Area home

Spring Points

  intelligent virtue: conceptual philanthropy
gary e. davis
June 2020
Greater happiness in the sense of fulfilling life is strongly associated (statistically) with higher individuation. More wholly flourishive life (especially including,
I would emphasize, Values In Action traits of creativity, appreciation of beauty
and excellence, perspective, and spirituality) is more fulfilling.

And a vast body of statistical results shows that greater freedom (scale) of “self-expression” in a life correlates with greater happiness in the hedonic sense.

Admirability of that naturally secures interpersonal esteem, even though that’s supplemental for the horizonal character of highly individuated Selfidentity (whose sense of security is beyond interpersonal life).

No wonder then that senior virtue theorist Julia Annas (writing in latter years
of her career) associates virtue with enjoyment (ch. 5 of Intelligent Virtue) and living happily (ch. 9).

Yet, “the unity of virtue” (ch. 6) can be better than Annas understands that,
in terms of rich lifeworld conceptuality whose humanity is highly conceived.

One might regard that as merely ideal, rarely instanced. Yet the appeal of high humanity is, I would argue, integral to the potential of human intelligence (intro-duced earlier) exemplified by generally recognized leading minds, especially when a good range of specialties are brought into virtual convening (i.e., brought to display a “conventional” consilience) that can be well advanced (i.e., proffered, argued) as deserving to be regarded as admirably exemplary for better humanity.

So, I would extend the above discussion and sections to “posit” that there “is”
(or appreciably deserves to be) protean virtue, natural goodness of that, and entailed appeal of cultivating humanity practically (e.g., sufficient political support for generalized educational excellence and durably extensive normal-ization of higher education in conceptions of human rights).

Such is the better humanity at heart in social progress, which is fundamentally cultural. (Even statistical research vastly supports the contention that social progress emerges from cultural progress.) And conceptions of progress depend on conceptions of human potential, which depend on conceptions of intelligent life.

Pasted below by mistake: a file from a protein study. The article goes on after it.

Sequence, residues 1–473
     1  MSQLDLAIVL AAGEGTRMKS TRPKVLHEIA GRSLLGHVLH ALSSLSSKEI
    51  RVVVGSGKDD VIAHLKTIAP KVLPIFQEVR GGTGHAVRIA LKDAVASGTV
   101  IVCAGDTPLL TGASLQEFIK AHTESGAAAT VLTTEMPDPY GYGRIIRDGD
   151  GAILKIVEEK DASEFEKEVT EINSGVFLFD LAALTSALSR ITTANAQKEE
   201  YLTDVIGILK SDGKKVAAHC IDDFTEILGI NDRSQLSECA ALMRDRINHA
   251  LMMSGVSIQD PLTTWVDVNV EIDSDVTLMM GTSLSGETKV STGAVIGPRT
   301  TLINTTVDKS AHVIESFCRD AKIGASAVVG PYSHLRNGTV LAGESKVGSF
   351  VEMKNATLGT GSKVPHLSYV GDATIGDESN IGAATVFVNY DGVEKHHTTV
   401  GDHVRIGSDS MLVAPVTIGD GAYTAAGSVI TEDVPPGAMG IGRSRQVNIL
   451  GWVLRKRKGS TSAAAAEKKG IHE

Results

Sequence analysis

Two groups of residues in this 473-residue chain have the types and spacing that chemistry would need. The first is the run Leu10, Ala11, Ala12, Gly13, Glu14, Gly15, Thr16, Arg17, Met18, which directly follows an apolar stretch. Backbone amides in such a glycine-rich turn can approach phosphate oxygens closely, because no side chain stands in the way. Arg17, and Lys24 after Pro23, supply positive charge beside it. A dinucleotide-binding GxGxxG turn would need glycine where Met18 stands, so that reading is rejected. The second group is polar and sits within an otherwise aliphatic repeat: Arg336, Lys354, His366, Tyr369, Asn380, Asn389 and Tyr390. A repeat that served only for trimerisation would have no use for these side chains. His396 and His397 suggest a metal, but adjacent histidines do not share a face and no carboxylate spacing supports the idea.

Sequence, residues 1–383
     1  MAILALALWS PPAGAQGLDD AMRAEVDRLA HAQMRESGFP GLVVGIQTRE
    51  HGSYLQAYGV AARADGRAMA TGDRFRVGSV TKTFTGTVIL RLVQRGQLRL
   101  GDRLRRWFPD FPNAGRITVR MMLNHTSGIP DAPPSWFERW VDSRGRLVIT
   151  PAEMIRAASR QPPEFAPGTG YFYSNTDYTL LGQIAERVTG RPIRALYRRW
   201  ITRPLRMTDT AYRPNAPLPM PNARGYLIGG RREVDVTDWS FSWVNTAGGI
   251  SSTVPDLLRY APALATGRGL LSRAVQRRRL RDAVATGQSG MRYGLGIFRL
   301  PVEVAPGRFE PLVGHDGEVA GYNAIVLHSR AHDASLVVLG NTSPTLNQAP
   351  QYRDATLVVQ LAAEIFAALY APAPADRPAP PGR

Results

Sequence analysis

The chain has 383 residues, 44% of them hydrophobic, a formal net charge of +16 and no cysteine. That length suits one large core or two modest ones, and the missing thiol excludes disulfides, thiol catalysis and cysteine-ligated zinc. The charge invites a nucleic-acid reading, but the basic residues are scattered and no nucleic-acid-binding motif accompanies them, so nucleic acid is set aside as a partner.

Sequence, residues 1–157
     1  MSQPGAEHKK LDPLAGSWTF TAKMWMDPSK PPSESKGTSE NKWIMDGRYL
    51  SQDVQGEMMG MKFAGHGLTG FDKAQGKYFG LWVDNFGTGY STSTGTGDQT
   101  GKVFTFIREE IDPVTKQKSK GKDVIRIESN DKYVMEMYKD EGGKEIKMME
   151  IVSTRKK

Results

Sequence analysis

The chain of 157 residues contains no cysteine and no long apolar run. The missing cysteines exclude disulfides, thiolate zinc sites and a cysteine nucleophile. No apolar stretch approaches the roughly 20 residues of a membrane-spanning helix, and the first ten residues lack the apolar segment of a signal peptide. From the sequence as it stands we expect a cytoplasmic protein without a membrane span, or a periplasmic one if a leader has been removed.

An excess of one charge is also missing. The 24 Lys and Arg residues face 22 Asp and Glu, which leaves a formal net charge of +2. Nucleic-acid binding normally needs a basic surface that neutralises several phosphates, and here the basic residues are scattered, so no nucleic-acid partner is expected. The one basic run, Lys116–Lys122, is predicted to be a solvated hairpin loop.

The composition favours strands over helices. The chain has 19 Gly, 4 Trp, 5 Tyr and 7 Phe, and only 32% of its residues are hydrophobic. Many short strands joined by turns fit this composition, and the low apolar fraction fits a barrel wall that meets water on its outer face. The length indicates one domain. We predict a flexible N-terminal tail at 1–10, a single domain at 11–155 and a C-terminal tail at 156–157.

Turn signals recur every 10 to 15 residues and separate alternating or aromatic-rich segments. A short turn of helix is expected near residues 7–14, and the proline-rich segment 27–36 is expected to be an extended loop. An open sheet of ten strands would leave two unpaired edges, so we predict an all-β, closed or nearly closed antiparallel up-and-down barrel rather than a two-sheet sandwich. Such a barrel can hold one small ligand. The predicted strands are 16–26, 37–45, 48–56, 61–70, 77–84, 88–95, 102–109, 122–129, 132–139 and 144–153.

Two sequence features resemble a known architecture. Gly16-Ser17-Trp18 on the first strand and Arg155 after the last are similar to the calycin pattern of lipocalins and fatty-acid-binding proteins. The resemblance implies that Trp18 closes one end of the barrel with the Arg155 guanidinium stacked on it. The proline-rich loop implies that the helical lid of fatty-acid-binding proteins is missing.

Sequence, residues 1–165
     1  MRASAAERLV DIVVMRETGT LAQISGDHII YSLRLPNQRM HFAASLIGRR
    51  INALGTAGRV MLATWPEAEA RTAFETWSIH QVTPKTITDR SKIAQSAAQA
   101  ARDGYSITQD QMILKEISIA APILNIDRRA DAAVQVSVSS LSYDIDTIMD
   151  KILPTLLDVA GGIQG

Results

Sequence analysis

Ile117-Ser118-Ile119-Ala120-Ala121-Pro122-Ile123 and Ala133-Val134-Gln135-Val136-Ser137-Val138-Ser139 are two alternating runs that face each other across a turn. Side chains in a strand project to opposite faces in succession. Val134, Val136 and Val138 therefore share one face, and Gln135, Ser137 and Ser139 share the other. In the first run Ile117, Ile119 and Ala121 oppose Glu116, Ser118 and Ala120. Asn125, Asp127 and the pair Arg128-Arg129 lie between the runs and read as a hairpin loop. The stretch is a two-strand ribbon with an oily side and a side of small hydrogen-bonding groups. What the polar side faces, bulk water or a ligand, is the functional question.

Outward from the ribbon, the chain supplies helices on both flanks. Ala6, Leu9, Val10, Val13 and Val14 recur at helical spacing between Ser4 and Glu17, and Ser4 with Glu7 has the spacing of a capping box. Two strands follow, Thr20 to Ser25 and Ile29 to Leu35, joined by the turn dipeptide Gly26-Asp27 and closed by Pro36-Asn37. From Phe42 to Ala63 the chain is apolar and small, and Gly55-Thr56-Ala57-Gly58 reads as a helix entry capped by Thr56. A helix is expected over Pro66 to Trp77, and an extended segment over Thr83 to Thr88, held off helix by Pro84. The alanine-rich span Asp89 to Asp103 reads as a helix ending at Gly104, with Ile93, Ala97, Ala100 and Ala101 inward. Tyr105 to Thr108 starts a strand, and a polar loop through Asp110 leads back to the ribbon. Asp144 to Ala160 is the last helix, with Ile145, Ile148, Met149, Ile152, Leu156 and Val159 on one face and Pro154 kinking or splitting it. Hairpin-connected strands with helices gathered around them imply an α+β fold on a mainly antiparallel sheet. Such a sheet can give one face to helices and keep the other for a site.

Conceptions of progressivity, modeled on intelligent life, are fundamental to notions of evolution that are more than tropes for environmental adequacy or adaptive robustness. There is no intrinsic progress in biology apart from human valuing of increasing flexibility irt increasing complexity, i.e., our appreciating of emergent intelligence in nature. Naturalization of progress is a gift to nature by human interest.

A progressive ethic is an “evolutionary” ethic in basically that redundant sense: An evolutionary ethic just is a progressivist ethic. Finding bioanthropological roots to ethics is retrojective and reconstructive relative to conceptions of progressive life (especially overtones of natural goodness) that are efficacious for genealogical research. In fact, ethical conceptuality in professional anthropology has relied on notions imported from philosophy (“ethics, anthropological,” Routledge Encyclo-
) , then mapped into field research—and interestingly dominated by neo-Aristotelian notions of virtue (“ethics, anthropology of”).

I think that appeals of virtue are integral to all “great” religions’ sacred texts; and in the idealisms of progressive modernity.

Particularly interesting are notions of genuine nobility that evolved in Medieval Europe, modernly entailing noblesse oblige which is philanthropic in the original, non-financial sense.

The appeal of that is concealed by hegemonic orders of ingenuine “nobility”
which have contributed to legacies of class-oriented resentment. But originally (13th century) being noble was about “1 a : possessing outstanding qualities (as
of eminence, dignity” (M-W. Un.), which pertains to the admirability of exemplar-ity. Without true exemplarity, admirability becomes vanity. So, notions of “1 b :…commanding excellence of mind or character, or high ideals or morals” soon seem (and too often were) a spirit of exclusive privilege. Increasingly rare in modern-
ization (so compensatorily avaricious in the wake of exclusivist history) is genuin-ely3 a : possessing very high or excellent qualities or properties…” But in fact, the genuineness of that is integrally appealing because the appeal of Self enhance-ment is intrinsic (and “naturally” good). Nobility of spirit is a vitally admirable and educationally exemplary way of being.

Originally (17th century), a “philanthropic” person was consilient with its Greek root: love of humanity (well: love of “mankind,” but that’s always intended, in principle, to be about humanity—and must be regarded as originally intending that). Being philanthropic was originally to have/show “1 : goodwill toward one’s fellow human beings…”—(Kant was at heart a philanthropic ethicist)—“…espec-ially as expressed through active efforts to promote human welfare,” a notion which invites ambitious conceptions of cultivating humanity.

next—> advancing public support for generalizing higher quality of lives



  Be fair. © 2020, gary e. davis